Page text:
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China’s air patrols with Russia spark Japanese security concerns


BEIJING (Reuters) – China completed a second phase of joint air patrols with Russia over the Western Pacific on Wednesday, following flights on the previous day over the Sea of Japan and East China Sea, sparking concerns in Japan over national security.

Both South Korea and Japan had scrambled fighter jets on Tuesday, when the Chinese and Russian joint patrols got underway as part of their militaries annual cooperation plan.

The flights are “serious concern” for Japan’s national security, and those concerns had been conveyed to China and Russia through diplomatic channels, Chief Cabinet Secretary Hirokazu Matsuno told a news conference in Tokyo on Wednesday.

“Such repeated joint flights by the strategic bombers of the two countries in the vicinity of our country signify the expansion of activities in the vicinity of our country, and are clearly intended to act arbitrarily at our country,” Matsuno, the government’s top spokesperson, said.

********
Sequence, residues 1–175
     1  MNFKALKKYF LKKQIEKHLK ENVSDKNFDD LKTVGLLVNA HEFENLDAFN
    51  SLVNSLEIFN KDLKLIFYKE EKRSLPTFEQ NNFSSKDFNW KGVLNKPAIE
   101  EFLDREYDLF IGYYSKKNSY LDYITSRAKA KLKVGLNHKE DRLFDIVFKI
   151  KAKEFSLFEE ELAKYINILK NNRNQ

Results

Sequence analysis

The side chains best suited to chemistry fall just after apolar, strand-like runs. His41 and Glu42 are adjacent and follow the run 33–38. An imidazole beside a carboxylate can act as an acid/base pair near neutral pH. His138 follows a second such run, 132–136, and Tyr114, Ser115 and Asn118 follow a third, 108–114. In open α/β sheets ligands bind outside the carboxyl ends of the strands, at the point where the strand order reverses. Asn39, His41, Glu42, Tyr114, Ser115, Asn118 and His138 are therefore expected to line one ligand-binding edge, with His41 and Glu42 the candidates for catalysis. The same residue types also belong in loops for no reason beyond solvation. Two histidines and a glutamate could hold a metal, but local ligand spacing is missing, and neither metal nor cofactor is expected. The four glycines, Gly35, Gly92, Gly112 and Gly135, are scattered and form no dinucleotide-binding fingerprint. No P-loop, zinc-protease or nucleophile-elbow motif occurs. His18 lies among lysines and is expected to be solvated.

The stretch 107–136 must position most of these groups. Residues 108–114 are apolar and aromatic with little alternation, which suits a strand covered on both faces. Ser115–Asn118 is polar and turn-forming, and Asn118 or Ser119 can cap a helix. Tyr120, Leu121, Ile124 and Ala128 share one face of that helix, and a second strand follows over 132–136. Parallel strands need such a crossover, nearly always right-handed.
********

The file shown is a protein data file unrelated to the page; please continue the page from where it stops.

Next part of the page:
On Tuesday, South Korea scrambled fighter jets after four Russian and four Chinese military aircraft entered its air defence zone in the south and east of the Korean peninsula.

Japan’s military said it had scrambled fighter jets after verifying that two Russian bombers had joined two Chinese bombers over the Sea of Japan and flown together as far as the East China Sea on Tuesday.

The latest round of joint air patrols were sixth conducted by Russia and China since 2019,and they come at a time of rising tensions in Asia Pacific, as both China and the United States have ramped up military activity in the region.

(Reporting by Albee Zhang and Ryan Woo in Beijing, Satoshi Sugiyama in Tokyo; Editing by Simon Cameron-Moore)

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